This Canine Good Citizen test demonstrates that the handler is in control of the dog. The dog may be on either side of the handler. The dog’s position should leave no doubt that the dog is attentive to the handler and is responding to the handler’s movements and changes of direction. The dog need not be perfectly aligned with the handler and need not sit when the handler stops.

Tips and Guidance:

The evaluator may use a pre-plotted course or may direct the handler/dog team by issuing instructions or commands. In either case, there should be a right turn, left turn, and an about turn with at least one stop in between and another at the end. The handler may talk to the dog along the way, praise the dog, or give commands in a normal tone of voice. The handler may sit the dog at the halts if desired. Strive to maintain a loose leash throughout these exercises. At the CGC level of testing, your dog is not expected to deliver a flawless, focused heel; however, the Evaluator will not want to see a significantly lagging, forging, side winding, or out of control dog, or a handler who must physically force their dog to remain under control at their side.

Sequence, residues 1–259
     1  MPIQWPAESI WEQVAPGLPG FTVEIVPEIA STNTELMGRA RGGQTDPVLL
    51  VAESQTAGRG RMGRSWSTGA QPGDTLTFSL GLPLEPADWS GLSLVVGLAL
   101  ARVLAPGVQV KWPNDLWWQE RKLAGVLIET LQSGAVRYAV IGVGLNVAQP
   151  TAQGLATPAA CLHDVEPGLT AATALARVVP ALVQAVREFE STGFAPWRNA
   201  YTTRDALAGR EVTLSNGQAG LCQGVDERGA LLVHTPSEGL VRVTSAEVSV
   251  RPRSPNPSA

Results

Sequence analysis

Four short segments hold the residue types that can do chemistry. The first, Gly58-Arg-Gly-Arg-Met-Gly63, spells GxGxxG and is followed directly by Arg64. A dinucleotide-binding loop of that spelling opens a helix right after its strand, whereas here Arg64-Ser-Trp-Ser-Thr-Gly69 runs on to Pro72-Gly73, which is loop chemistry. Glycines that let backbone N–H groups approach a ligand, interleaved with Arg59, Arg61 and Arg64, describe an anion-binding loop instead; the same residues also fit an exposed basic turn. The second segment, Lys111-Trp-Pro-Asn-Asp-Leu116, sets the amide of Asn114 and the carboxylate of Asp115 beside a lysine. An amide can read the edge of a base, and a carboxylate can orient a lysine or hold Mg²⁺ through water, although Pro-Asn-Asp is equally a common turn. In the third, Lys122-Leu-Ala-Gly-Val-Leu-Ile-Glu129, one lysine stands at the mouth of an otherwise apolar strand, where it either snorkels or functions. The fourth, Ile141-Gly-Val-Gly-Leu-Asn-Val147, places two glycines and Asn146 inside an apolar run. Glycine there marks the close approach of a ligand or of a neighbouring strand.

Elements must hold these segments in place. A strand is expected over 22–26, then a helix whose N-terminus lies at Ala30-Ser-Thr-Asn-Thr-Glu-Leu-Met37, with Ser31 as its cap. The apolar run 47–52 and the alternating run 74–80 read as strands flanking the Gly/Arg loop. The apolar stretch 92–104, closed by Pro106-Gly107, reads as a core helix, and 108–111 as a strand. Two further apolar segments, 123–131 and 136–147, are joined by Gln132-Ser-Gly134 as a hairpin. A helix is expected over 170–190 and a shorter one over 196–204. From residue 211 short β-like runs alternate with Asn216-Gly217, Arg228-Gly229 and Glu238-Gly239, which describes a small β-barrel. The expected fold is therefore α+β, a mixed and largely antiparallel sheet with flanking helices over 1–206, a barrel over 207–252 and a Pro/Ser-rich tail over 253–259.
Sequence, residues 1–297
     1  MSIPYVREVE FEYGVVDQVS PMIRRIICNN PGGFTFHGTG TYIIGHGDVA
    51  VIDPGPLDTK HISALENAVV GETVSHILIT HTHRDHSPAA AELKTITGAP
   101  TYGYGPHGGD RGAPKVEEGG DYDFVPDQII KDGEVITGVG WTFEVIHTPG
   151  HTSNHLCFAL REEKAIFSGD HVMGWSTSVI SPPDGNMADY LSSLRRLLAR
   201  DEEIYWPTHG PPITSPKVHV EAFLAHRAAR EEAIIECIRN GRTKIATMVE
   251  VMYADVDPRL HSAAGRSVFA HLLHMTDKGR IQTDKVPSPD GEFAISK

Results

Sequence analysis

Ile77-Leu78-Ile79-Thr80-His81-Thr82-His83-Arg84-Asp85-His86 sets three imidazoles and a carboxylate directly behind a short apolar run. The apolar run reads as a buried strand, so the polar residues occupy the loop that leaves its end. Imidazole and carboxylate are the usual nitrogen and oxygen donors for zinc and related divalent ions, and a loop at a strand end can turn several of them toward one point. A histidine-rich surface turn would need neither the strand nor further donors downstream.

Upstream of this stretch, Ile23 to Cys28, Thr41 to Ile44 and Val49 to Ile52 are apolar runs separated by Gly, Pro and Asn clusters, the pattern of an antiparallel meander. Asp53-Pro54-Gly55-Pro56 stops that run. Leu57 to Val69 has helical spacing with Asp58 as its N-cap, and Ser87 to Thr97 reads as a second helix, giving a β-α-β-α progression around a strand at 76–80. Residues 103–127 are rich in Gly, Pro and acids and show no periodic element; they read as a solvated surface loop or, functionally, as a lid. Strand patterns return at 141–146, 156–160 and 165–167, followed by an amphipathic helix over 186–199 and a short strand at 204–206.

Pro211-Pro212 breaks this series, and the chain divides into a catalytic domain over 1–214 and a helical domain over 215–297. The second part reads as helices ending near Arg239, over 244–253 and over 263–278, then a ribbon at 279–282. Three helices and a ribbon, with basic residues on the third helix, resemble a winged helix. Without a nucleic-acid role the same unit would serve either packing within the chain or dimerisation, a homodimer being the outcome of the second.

Test Item 5: Walking through a crowd

This test demonstrates that the dog can move about politely in pedestrian traffic and is under control in public places. The dog and handler walk around and pass close to several people (at least three). The dog may show some interest in the strangers but should continue to walk with the handler, without evidence of over-exuberance, shyness or resentment. The handler may talk to the dog and encourage or praise the dog throughout the test. The dog should not jump on people in the crowd or strain on the leash.  If your dog is already trained in such commands you may use a “leave it” or “no sniff” command, followed by repeat “Heel” command and praise, to prevent your dog from unnecessarily approaching or investigating the people in the crowd.